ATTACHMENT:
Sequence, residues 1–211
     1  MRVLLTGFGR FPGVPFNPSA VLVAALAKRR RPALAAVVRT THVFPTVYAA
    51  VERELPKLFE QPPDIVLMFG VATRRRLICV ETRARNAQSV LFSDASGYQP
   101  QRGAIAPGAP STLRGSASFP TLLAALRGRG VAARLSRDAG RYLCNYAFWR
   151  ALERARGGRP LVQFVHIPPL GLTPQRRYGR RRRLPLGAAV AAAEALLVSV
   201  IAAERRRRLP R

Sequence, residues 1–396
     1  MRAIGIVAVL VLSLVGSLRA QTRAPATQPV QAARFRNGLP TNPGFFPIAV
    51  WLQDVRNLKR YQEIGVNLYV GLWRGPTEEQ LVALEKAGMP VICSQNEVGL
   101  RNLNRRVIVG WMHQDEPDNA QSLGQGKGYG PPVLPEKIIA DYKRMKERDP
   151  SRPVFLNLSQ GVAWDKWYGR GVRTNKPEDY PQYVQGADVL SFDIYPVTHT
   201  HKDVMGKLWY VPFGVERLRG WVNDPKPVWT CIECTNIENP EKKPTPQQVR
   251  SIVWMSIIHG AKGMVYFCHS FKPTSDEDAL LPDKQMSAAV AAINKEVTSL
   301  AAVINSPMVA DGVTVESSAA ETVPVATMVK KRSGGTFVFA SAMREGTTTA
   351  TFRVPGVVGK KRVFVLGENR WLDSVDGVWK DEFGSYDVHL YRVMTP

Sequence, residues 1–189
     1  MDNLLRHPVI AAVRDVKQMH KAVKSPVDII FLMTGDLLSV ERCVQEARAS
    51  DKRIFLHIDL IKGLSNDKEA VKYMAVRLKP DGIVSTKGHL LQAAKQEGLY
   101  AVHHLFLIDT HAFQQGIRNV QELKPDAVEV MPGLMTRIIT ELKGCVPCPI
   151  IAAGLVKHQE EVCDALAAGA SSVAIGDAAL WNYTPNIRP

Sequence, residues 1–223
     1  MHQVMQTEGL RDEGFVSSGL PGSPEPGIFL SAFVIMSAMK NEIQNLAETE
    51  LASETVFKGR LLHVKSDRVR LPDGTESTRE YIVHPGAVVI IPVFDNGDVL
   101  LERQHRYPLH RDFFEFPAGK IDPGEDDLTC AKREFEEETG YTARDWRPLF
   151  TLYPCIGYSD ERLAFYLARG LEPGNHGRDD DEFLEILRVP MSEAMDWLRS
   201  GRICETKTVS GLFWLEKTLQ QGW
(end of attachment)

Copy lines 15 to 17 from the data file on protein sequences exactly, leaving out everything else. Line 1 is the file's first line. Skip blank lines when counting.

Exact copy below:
   351  TFRVPGVVGK KRVFVLGENR WLDSVDGVWK DEFGSYDVHL YRVMTP

Sequence, residues 1–189
     1  MDNLLRHPVI AAVRDVKQMH KAVKSPVDII FLMTGDLLSV ERCVQEARAS